UK stocks started the week on the back foot with the FTSE 100 index shedding 29 points or 0.4% to 6,998 points by 8.30am, even though US markets hit a new peak on Friday, as weakness in banks offset gains for mining stocks.
US markets ended last week at record levels with the S&P 500 index rising 1% to a new high of 4,411 points and the Nasdaq 100 index gaining 1.2% to 15,112 points.
In contrast, Chinese shares hit their lowest level in seven months overnight, with H shares registering their biggest one-day fall in three years at one stage, as concern mounted over tightening regulations affecting the education and property sectors.
Oil prices also fell on fears Chinese demand for fuel would fall as the result of severe floods and a typhoon in central and eastern parts of the country. Brent crude fell 1.5% to $73.25 per barrel.
Sterling maintained its rally from recent lows, holding steady at $1.3750 ahead of a two-day Federal Reserve meeting, while gold prices recovered to $1,807 per ounce.
Meanwhile, Bitcoin surged 10% to $38,526 on a combination of short-covering and rekindled investor enthusiasm after Tesla said it might resume accepting payment in cryptocurrencies.
Low-cost airline Ryanair (RYA) posted increased losses for the first quarter to the end of June after most Easter travel was canceled and European restrictions were relaxed more slowly than hoped during May and June.
However, the firm pointed to a ‘strong booking recovery’ and raised its full year passenger forecast to between 90 million and 100 million. Shares climbed 2.4% to €16.10.
Cruise ship operator Carnival (CCL) announced it had re-started sailings from Seattle to Alaska over the weekend with Princess and Holland America each operating 10 cruises between now and the end of September. The firm pointed out that historically one in two visitors who cruise to Alaska use Princess or New Holland. Shares eased 1.6% to £14.21.
Meat producer Cranswick (CWK) posted a positive first quarter trading update with revenues up 9.6% in the three months to the end of June driven by a 7.7% increase in volumes as the food service industry and food to go sales recovered.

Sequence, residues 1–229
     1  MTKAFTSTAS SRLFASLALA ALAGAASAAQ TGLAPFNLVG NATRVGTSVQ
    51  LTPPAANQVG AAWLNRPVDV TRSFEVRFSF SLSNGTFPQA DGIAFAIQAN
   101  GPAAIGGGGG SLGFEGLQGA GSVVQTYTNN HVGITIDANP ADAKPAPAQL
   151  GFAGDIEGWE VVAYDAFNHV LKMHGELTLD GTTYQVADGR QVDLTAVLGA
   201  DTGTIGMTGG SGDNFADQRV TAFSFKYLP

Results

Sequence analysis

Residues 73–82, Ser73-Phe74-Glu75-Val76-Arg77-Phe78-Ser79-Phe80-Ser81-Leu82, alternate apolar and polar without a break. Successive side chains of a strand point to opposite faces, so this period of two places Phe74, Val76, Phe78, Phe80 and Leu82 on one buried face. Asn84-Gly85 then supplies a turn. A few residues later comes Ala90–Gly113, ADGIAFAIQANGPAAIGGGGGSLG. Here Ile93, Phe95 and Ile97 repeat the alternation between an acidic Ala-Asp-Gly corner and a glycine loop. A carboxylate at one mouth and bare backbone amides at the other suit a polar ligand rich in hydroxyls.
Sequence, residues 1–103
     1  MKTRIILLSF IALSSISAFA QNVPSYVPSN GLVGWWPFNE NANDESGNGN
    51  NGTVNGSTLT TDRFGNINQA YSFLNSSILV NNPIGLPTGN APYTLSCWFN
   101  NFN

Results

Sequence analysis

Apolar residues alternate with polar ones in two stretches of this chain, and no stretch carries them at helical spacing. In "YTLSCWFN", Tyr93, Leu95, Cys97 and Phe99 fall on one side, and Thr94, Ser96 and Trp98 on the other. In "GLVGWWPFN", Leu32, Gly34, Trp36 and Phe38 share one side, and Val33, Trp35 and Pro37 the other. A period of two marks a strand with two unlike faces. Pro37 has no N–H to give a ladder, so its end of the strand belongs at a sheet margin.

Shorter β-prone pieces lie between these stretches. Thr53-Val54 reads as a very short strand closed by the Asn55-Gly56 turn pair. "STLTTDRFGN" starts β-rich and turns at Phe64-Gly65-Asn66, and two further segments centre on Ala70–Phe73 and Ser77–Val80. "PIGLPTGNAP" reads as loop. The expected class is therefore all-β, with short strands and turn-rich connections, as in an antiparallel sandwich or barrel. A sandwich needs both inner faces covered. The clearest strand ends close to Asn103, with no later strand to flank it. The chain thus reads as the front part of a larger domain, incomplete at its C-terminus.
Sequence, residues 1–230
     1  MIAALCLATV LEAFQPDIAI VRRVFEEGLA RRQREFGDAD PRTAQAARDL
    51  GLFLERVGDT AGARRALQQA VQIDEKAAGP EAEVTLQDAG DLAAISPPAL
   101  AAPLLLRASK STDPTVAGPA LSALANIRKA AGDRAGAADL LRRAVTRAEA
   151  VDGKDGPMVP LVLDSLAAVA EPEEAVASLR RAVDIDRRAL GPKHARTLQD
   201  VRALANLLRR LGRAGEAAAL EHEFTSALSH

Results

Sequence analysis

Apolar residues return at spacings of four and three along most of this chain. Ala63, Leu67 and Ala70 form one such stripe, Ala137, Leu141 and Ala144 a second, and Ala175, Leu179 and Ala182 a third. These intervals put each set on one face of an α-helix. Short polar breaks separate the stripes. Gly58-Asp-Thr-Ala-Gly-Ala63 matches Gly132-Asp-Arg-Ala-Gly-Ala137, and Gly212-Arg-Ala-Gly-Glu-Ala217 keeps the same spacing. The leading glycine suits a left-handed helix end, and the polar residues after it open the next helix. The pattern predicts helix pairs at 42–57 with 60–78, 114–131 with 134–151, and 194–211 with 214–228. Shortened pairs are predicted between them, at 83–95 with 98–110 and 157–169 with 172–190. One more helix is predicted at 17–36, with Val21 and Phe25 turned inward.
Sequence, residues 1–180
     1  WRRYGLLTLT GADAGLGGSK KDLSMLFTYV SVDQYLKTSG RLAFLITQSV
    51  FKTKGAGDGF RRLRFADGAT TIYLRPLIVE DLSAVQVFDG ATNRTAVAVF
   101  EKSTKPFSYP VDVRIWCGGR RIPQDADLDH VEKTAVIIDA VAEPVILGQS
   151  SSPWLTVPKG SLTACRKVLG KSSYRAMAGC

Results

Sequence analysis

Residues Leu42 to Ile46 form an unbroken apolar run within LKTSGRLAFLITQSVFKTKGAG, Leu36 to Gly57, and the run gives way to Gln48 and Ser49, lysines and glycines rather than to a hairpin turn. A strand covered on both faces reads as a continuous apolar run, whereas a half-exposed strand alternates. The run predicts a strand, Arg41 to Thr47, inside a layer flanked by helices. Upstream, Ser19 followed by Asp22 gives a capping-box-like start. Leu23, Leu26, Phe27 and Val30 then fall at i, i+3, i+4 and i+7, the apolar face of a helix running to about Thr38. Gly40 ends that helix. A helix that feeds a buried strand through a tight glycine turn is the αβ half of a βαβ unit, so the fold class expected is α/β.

Sales to the Far East were ‘well ahead’ of the same quarter last year thanks to higher prices, while the firm is still waiting for official sign-off on its China export licence for the primary processing facility in Norfolk. Shares added 0.9% to £40.38.
Foreign & Colonial (FCIT), the world’s oldest collective investment trust, posted a total net asset value return of 12.3% in the first half to June, ahead of its FTSE All-World Index benchmark and ahead of its shares which gained 8.3% over the half.
Performance was helped by the trust’s private equity exposure, which gained 14.2%, and by its gearing which was 8.8% at the end of the half. Shares were flat at 862p.
Revenues for the six months to June are now expected to rise 56% to $174 million while operating earnings are seen at $20 million, a 32% increase. Shares jumped 8% to 96.2p.
Alternative finance company Duke Royalty (DUKE:AIM) reported record cash revenues of £2.9 million for the quarter to June and forecast revenues of £3.2 million for the quarter to September, another company record.
In a busy quarter, the firm exited its investment in a UK recruitment company and entered a new royalty agreement with a European healthcare company. Shares added 4% to 41.9p.
DeepVerge (DVRG:AIM), which analyses skin samples to assess the impact of product claims by global cosmetics companies, reported strong demand for its services and a plan to increase processing capacity from its current maximum of 5,000 home test kits a month to 20,000 kits by the end of this year. Shares dipped 3.5% to 27.5p.
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